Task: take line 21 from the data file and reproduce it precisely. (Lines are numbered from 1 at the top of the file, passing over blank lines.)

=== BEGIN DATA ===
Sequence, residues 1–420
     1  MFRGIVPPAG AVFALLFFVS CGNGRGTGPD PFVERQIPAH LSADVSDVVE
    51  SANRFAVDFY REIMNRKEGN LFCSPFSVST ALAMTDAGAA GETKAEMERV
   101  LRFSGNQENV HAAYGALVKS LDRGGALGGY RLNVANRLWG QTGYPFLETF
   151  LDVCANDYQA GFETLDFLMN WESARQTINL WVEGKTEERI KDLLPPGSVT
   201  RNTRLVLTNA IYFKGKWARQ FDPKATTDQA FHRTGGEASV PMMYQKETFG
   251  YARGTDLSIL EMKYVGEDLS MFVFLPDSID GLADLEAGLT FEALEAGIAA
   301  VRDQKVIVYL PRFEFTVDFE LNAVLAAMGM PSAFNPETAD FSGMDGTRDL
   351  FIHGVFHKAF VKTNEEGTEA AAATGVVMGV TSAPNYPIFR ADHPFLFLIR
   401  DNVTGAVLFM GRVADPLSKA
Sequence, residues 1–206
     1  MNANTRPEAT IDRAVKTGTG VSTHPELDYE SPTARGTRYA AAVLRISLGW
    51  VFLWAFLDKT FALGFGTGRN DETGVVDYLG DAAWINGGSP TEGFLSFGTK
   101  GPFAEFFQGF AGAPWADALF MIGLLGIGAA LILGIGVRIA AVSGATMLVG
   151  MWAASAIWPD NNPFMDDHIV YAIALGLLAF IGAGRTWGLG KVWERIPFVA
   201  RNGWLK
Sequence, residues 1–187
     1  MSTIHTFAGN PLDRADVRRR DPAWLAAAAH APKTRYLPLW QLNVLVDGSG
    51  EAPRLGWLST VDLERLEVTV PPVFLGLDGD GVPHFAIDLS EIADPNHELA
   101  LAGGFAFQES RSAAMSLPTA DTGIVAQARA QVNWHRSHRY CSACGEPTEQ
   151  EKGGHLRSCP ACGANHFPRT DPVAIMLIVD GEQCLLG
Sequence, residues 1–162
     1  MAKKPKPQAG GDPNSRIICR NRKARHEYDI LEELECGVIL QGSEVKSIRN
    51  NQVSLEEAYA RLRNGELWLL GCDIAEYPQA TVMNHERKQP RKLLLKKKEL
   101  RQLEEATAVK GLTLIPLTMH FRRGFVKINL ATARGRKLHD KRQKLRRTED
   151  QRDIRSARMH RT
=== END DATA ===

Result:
   151  EKGGHLRSCP ACGANHFPRT DPVAIMLIVD GEQCLLG